The problems with the game entirely comes from the fact that it seems buggy. When I first got the game there was an issue with it recognizing my controller, and seeing as how all of the in-game information had decided that it was going to display in German and German only it was mildly difficult to fix. After digging through the install directory I managed to fix the problems myself, although that is something that I don’t see many people bothering to do. When the game was patched on release these problems were fixed, but replaced with the game defaulting to Japanese and needing to be changed in the settings. While a more manageable bug it was still annoying to go through.
Bugs aside I do have to point out that the game does a terrible job of having anything resembling a functional tutorial. Mix in the fact that the game is difficult to learn on easy, and doesn’t even begin to introduce all of the core mechanics unless played on normal or harder, and you end up with something that is an interesting experience but hard to break through the shell of. This is, off course, before even mentioning the characters in the game that play as if they were in Puzzle Bobble instead of any of the other characters, because I am still not entirely sure their finer mechanics after several hours of play.
Magical Drop is far from a perfect release, as anyone who is going to battle with any of the bugs will tell you. The real problems, though, come from the fact that the game is more complicated than it appears to give itself credit for. It might be easy just to say that this game is just for fans, but the truth is that anyone with a passing interest in this genre will find something to like inside—even if that is just pure insanity. For 10 dollars Magical Drop V is something worthwhile to have in your Steam list, even if the first two hours is spent figuring out how to get it running and how to fundamentally play it.
There is a large amount of joy that can be garnered from playing a game that you thought wasn’t going to be that great, but finding out that it is actually kind of amazing. That was exactly the case with Tales from Space: Mutant Blob Attacks—mainly that it simply showed up for review; also the odd title didn’t really help promote confidence in the unknown. The game ended up being some kind of odd mix between a puzzle game, Katamari Damacy, and a platformer—a combination that comes together way better in practice than it ever could on paper.
The game stars some kind of amorphous blob that grows simply through the act of absorbing things that it comes into contact with, a la Katamari. Scattered throughout the levels are random hazards, normally in the way of either spikes or lasers that need to be avoided as to not take damage and be forced to replay that section of the level. Most of the avoidance takes place in the form of some light puzzle solving, moving platforms into place or miscellaneous objects to make jumps possible. Keep in mind that all of this is happening on a 2D plane.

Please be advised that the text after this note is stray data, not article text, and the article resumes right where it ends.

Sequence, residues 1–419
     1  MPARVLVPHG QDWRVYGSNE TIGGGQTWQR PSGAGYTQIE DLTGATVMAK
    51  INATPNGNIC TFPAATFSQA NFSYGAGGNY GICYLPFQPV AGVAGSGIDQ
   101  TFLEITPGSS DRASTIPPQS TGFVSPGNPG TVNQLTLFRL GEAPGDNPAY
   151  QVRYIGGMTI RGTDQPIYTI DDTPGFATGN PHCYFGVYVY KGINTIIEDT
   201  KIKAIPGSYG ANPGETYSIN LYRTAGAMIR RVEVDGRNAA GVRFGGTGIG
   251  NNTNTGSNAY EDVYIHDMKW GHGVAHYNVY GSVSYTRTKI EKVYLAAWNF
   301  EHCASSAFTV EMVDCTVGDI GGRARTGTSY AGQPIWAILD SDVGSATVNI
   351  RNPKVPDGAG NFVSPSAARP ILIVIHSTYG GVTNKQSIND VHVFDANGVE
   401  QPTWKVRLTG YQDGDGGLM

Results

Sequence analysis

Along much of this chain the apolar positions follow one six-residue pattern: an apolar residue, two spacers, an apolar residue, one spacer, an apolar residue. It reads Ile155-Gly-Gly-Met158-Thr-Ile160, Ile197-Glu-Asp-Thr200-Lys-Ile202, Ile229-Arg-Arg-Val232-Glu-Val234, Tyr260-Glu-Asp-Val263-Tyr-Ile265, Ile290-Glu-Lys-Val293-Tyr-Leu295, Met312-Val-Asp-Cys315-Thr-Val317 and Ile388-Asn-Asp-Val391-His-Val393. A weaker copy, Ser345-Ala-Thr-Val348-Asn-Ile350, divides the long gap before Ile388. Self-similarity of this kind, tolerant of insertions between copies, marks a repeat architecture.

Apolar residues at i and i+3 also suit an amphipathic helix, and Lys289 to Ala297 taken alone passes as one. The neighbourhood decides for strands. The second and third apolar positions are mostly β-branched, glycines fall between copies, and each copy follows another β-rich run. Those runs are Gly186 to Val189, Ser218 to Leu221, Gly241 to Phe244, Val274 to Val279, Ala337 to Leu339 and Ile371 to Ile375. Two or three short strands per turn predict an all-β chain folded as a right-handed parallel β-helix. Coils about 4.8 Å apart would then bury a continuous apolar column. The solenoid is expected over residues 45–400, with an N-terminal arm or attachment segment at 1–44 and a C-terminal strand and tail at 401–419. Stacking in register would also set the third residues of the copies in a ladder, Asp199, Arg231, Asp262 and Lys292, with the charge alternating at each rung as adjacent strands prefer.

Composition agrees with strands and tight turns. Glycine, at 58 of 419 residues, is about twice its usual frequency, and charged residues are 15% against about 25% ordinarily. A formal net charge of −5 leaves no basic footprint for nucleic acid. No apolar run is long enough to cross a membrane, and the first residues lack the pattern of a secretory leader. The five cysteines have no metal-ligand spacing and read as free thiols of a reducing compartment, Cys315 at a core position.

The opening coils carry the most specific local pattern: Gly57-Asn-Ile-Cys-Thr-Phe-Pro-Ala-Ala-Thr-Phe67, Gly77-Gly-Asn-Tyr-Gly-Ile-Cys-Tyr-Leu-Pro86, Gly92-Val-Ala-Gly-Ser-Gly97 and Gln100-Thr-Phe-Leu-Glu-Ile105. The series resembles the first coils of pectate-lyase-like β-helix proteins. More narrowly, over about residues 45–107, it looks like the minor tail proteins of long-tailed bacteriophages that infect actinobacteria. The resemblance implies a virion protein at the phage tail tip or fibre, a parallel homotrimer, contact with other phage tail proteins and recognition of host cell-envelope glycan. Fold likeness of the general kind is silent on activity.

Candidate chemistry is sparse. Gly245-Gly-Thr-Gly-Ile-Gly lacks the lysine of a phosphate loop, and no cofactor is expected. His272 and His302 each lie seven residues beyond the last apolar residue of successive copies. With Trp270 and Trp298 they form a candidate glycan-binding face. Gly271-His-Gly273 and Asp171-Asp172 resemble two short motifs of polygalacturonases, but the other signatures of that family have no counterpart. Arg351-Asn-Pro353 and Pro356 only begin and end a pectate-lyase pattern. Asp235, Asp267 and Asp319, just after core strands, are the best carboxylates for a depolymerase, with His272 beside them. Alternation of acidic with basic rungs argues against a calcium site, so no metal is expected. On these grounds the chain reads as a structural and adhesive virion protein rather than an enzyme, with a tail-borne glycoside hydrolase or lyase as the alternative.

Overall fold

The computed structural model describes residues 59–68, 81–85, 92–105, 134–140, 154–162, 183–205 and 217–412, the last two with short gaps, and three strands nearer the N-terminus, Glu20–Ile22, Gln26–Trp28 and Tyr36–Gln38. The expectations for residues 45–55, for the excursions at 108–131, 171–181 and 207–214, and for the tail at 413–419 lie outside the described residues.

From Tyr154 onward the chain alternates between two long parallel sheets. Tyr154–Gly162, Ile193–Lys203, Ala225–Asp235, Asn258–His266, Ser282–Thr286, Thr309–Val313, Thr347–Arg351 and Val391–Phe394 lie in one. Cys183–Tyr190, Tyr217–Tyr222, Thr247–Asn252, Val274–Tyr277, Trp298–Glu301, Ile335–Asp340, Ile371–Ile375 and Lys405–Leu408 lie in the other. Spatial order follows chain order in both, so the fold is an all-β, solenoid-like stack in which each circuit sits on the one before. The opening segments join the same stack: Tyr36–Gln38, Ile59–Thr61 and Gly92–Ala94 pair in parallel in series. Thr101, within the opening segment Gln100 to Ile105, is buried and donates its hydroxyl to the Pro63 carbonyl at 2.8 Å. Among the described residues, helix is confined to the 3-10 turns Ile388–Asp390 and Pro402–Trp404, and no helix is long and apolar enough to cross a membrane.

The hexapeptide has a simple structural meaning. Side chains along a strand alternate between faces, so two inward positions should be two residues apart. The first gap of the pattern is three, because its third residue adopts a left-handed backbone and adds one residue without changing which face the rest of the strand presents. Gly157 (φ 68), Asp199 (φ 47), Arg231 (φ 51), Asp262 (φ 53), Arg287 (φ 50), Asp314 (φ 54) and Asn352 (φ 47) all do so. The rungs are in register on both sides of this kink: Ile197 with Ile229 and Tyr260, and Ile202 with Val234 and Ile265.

The most interesting aspect of the puzzle solving revolves around the frequent use of the mouse to move objects around in the environment, most interestingly to turn the blob into a projectile that flies across giant gaps. The downside to this interesting interaction is that it makes the game go from something that can be played with a controller to something that involves sitting up and playing around with a mouse every couple of minutes or so.
What really drives this game from something that would be a quick, enjoyable, and probably forgettable gameplay session is the games art style and amazing sense of humor. Pretty much everything from the original Gameboy, with a more classic 16-bit look on the throwback levels, to Portal and more recent games get nods throughout the game—mostly in the form of billboards on the background of the town that the blob is destroying. Probably one of my personal favorite things about the game is that there are no qualms about the fact that every human the blob comes into contact with is eaten and made part of the continuing death machine—something that I always kind of felt was skimmed over with Katamari.
The game sells on Steam for 8 dollars, which is only an issue because it seems like an odd price to ask for something. While the experience might be short there are certain moments in the game, from the news reports of impending doom to the nods at gaming in general, which simply make it enjoyable from start to finish. The game itself is very easy to recommend to anyone who is interested on gaming on a PC. Honestly this game has made it painfully clear that DrinkBox Studios might be a company that can output some rather interesting games in the future, as well as the one that is out right now.